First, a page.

I get asked “What are your tips for teachers thinking about remote teaching now and into the fall” pretty often. I’ve responded in different ways and have heard some other great responses, too! But here are two perspectives I’d like us all to consider.
I hear a lot about people saying teachers need to have grace with our kids now. Let’s relax and lower expectations for our kids because we don’t have any idea what their home life is like. I agree and think this is totally on point right now. But that means teachers need to think about the kids coming to them this fall. They will be the first group of kids to have ever gone through PANDEMIC CLOSURES FOR SCHOOL. They will have missed a third of their school year! And they won’t be the same kids as the kids you usually get every year. Next year’s classes will be brand new classes. Remember this: These are not the same kids and you ARE NOT teaching the same material. Don’t take those kids who are in Algebra 1 now, walking into Algebra 2 next year and think they’re going to be prepared to take your old version of Algebra 2. They’re not. Change your curriculum. Change your approach. You’ve got a whole new world to build. I’ll help you build if you want. But we’ve got to recognize that next year our new kids can’t be treated the same as in past years just because it’s September.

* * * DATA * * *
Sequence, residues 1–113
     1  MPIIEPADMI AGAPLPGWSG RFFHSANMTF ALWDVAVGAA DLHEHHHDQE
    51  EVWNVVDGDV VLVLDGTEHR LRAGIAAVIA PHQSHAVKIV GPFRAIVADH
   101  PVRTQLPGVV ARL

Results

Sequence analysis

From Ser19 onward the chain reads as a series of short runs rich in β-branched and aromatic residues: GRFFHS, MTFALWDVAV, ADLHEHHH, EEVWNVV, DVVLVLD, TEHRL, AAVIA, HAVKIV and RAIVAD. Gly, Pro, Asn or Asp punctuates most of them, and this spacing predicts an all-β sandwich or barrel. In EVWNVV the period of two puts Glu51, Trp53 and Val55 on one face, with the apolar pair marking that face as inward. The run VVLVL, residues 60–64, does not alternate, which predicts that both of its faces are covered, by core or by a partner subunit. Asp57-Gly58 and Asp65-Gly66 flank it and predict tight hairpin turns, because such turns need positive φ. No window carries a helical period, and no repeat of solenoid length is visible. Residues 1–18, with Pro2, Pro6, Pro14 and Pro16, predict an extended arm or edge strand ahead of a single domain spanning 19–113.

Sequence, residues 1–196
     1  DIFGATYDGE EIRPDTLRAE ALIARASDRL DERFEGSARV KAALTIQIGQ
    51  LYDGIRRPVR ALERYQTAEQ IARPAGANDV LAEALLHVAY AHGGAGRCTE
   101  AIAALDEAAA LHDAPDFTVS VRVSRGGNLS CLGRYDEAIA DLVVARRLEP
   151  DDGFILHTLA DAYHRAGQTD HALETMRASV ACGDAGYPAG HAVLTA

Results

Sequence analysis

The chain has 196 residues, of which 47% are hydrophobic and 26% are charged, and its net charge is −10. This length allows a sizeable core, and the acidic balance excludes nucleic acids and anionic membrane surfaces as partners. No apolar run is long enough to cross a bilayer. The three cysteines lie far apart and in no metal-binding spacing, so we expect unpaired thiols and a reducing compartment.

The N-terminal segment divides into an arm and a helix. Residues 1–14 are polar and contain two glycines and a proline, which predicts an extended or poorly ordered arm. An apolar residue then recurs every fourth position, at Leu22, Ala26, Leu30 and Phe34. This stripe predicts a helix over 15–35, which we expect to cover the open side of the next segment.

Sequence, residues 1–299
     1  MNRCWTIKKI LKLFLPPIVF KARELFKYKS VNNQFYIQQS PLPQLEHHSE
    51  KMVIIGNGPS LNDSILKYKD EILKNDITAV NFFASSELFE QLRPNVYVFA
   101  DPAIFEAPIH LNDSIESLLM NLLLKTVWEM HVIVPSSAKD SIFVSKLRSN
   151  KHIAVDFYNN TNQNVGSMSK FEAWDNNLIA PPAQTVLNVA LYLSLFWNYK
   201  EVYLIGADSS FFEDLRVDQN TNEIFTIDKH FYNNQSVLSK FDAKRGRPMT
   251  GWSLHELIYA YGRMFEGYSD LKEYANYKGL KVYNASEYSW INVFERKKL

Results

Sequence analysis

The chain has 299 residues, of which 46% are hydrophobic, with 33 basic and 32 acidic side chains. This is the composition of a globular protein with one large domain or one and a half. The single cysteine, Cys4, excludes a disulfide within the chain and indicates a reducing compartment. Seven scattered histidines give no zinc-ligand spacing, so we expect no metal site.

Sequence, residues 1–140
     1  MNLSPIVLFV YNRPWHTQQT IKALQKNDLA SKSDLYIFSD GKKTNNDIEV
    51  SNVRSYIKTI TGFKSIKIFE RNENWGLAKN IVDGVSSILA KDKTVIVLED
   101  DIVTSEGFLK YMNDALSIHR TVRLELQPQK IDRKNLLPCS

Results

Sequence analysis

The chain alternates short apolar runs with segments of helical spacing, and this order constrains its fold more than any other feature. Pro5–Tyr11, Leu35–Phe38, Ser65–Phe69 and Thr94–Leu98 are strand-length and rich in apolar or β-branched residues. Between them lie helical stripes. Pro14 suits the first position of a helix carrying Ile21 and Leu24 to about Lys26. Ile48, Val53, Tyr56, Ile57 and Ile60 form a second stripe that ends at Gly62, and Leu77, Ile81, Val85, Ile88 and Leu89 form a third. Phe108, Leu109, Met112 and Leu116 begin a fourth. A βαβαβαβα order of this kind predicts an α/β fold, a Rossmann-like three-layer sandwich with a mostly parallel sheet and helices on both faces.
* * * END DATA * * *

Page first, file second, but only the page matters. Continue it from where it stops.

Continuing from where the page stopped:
The second thing I want to point out is this. I’ve seen amazing posts from teachers during all this. I see bitmoji classrooms, virtual choirs, and creative solutions to difficult problems. But hear this. A LOT of other teachers see these same things… and HATE them. Every time they see a post about things like this their stomachs turn. It’s not jealousy. It’s not actually hatred. But it may be because these posts make them feel inferior or feel like they’re not as good at their job or are less professional than those teachers who are doing them. Don’t stop posting these because we need positivity, we need creativity, and we need success stories! But, we also need to realize that a lot of teachers are feeling their identity as professionals being slapped in the face during this time. They’re unsure of themselves. They’re not sure what it’s going to be like when they go back and what people’s expectations of them are going to be. Let’s be open to understanding and considering that, thinking about those perspectives of teachers. They’re coming back into school not exactly sure who they are as a teacher anymore and not exactly sure what people expect from them and totally unsure of what the new standard for “Distinguished Teaching” is. It’s going to be powerful for us as leaders, teachers and everyone who enters a school to recognize that we are all walking into our buildings, hopefully, as CHANGED PEOPLE and each of us needs to go get to know those new people for who they are now and to go work with those people to build a new situation and a new culture at our schools, for our kids and for the future of education.